“Absolutely True Diary” could easily become a litany of anger, pain and hopelessness; the poverty, alcoholism, violence and incredible death rate chronicled in the novel seems insurmountable. Yet for every tragic event, there is a detail to give us hope or even a laugh, and even the most debauched characters receive understanding and a chance at redemption. Arnold’s cartoon sketches of the people around him, drawn by artist Ellen Forney, amuse and meld seamlessly with the tone of the text.

Arnold’s spirit, however, is the most compelling aspect of the book, and his relentless determination to succeed in escaping the fate of his tribe lingers with the reader, making him one of the most inspiring characters in young adult fiction today. Arnold’s quest for a better life proves that acceptance is won by earning respect, and the first step in gaining the respect of others is respecting yourself.

Arnold Spirit is 14 when he makes the life-altering decision to transfer to a school off the Spokane Indian Reservation. The only other Indian at his new school is the mascot.

Notices

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Jul 09, 2014
  • Booklover1235 rated this: 4.5 stars out of 5.

Sexual Content: Uses some inappropriate language.

Jan 11, 2014
  • MADKC4Ever rated this: 5 stars out of 5.

Sexual Content: The most prominent situation is a 16 year old boy talking about how he loves masturbation, but there's a lot more sexual references sprinkled throughout the book.

Jan 11, 2014
  • MADKC4Ever rated this: 5 stars out of 5.

Coarse Language: Lota of curse words/sexual curse words in this book.

Sep 19, 2012
  • EuSei rated this: 0.5 stars out of 5.

Sexual Content: Masturbation

Jun 17, 2012
  • loveneverlies1 rated this: 4.5 stars out of 5.

Violence: fight

Jun 17, 2012
  • loveneverlies1 rated this: 4.5 stars out of 5.

Coarse Language: faggot

Oct 09, 2011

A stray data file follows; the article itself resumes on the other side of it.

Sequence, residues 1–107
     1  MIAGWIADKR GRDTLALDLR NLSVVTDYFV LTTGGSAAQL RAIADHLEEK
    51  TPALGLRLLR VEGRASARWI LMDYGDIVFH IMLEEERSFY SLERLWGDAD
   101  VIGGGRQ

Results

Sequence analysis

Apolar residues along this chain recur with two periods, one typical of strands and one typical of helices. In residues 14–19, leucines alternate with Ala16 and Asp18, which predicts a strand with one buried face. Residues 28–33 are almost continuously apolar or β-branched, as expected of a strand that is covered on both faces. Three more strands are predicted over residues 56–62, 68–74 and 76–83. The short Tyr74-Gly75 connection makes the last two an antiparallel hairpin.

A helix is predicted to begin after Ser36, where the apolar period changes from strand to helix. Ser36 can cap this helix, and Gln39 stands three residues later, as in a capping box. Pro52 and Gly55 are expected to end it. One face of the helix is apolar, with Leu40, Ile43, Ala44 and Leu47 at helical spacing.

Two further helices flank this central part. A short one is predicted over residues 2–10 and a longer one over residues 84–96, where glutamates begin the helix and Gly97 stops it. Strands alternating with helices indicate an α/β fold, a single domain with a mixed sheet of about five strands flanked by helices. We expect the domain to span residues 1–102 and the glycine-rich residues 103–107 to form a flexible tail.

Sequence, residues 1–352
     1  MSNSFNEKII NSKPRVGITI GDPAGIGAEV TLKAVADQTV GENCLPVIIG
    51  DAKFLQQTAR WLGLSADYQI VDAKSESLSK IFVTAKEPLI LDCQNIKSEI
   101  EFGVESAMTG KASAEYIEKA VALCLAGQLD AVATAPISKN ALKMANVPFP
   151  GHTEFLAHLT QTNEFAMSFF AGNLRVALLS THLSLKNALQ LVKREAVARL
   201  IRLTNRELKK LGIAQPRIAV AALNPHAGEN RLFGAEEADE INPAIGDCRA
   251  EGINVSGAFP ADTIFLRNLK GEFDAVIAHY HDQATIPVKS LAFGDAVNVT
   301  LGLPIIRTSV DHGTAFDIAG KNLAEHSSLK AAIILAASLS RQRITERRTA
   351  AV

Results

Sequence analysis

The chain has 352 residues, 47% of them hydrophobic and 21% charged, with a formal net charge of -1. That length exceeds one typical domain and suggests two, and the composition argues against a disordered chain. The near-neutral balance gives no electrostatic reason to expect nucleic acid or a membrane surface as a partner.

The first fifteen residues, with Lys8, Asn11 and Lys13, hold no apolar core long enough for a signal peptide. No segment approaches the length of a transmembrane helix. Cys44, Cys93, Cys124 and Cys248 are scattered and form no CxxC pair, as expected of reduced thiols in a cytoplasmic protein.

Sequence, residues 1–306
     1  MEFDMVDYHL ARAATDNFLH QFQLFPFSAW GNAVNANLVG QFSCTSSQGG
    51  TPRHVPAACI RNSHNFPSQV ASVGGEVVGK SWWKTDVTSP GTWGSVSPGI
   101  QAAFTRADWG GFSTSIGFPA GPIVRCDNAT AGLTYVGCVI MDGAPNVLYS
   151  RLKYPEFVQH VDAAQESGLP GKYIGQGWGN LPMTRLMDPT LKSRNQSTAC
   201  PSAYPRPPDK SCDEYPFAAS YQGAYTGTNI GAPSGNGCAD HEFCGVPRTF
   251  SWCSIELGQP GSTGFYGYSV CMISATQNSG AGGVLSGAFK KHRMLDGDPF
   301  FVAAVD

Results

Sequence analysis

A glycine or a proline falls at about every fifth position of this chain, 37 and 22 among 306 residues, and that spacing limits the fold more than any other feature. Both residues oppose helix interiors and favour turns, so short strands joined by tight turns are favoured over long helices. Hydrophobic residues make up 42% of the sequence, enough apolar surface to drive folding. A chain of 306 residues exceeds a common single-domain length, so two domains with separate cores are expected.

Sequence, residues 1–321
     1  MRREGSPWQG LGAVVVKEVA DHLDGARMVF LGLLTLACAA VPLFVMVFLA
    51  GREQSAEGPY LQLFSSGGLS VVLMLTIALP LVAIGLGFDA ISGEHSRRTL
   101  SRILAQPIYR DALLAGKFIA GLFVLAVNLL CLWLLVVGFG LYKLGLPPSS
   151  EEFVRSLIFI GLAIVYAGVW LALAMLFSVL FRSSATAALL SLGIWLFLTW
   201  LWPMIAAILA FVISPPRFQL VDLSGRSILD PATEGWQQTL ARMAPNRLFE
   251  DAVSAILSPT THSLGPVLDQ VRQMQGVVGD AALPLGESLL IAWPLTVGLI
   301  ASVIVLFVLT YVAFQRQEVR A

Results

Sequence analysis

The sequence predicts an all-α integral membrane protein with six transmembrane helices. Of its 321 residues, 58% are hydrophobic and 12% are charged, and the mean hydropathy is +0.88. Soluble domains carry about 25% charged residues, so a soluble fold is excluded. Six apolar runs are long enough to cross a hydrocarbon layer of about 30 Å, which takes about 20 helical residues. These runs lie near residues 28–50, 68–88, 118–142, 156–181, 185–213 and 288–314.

• ChocolateChips rated this: 3.5 stars out of 5.

Coarse Language: This title contains Coarse Language.

Quotes

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Jul 09, 2014
  • NSFRA rated this: 4.5 stars out of 5.

"Life is never easy"

Jun 28, 2012
  • pplarel rated this: 4 stars out of 5.

pg. 13 "Poverty doesn't give you strength or teach you lessons about perseverence. No, poverty only teaches you how to be poor."

pg. 97 "The world, even the smallest parts of it, is filled with things you don't know."

pg. 107 "There are all kinds of addicts, I guess. We all have pain. And we all look for ways to make the pain go away."

pg. 129 "If you let people into your life a little bit, they can be pretty damn amazing."

Jun 17, 2012
  • loveneverlies1 rated this: 4.5 stars out of 5.

When anybody, no matter how old they are, loses a parent, I think it hurts the same as if you were only five years old, you know? I think all of us are always five years old in the presence and absence of our parents.

Sep 11, 2009
  • kimbalee rated this: 5 stars out of 5.

When anybody, no matter how old they are, loses a parent, I think it hurts the same as if you were only five years old, you know? I think all of us are always five years old in the presence and absence of our parents.

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Aug 30, 2009
  • kimbalee rated this: 5 stars out of 5.